Fights in prisons have became much more vicious in the last few years leading to an increase in violent fights. The reasons for this change are cause for reflection as parallels can be drawn for those with ordinary anger problems. Some the change are within the inmates control and some reflect the changing social mix.
There was s strict code of conduct once where inmates stood as one, respected an individual’s need to assert himself and didn’t interfere. It implied values that preserved as much good order as possible. Then violence was kept to a minimum as it was seen as a last resort. Today two thirds of prisoners are in for violence, and bring with them a new code of anything goes, also they are more isolated than before so there is no group norm. There is now a large racial mix, the offenders are younger and have a deep hate of authority often being raised by social welfare agencies. Many also have mental health and substance abuse issues.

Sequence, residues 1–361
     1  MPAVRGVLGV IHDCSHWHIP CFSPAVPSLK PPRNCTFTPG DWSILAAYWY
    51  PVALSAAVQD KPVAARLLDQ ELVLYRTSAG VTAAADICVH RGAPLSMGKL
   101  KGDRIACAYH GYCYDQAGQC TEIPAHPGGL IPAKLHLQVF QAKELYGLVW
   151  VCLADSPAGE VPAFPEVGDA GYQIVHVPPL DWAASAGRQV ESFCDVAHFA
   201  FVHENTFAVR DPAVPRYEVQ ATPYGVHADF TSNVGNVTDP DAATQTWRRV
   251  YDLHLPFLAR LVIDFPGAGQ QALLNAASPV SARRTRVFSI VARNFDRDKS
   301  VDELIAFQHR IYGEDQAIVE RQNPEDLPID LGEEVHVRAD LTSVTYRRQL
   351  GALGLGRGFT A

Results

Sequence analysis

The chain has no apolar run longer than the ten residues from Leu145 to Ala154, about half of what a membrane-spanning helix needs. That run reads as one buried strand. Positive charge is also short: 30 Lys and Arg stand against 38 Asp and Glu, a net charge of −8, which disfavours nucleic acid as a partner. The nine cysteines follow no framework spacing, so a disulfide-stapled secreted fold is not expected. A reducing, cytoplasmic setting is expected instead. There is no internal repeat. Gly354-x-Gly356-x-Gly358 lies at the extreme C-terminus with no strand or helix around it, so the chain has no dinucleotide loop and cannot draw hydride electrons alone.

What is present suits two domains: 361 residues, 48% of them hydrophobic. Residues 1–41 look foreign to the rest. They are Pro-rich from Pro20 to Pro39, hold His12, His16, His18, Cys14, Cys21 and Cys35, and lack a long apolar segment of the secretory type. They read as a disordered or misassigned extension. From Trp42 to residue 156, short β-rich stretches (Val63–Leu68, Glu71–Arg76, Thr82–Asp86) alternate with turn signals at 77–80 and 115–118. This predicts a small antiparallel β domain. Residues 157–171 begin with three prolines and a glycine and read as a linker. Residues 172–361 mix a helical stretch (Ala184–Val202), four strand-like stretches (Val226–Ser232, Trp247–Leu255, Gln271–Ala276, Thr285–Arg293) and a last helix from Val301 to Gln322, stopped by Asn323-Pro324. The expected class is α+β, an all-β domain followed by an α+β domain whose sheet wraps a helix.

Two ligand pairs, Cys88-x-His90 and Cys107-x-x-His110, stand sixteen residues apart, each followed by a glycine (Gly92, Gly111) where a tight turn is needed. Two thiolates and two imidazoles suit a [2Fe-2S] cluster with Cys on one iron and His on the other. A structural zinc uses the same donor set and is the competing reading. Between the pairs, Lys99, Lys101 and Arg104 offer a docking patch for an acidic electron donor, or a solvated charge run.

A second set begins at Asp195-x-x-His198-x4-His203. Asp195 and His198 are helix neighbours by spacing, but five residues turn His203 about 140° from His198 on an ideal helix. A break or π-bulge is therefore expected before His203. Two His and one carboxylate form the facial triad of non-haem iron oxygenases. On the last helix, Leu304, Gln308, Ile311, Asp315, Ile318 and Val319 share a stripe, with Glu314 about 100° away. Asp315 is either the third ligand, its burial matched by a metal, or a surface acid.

Learning how to protect the self requires being aware of the downside when there is chaos. Battles in olden days were fought in designated areas, now everything spills over to everything, nothing is contained. In anger management clients feel isolated don’t share, don’t mix, feel their intimates and all of society are the enemy. The constant stress cause them to act against their own best interests as they come from a place of emotional impotence. Fight too much and never chose their battles.
Source: Toronto Star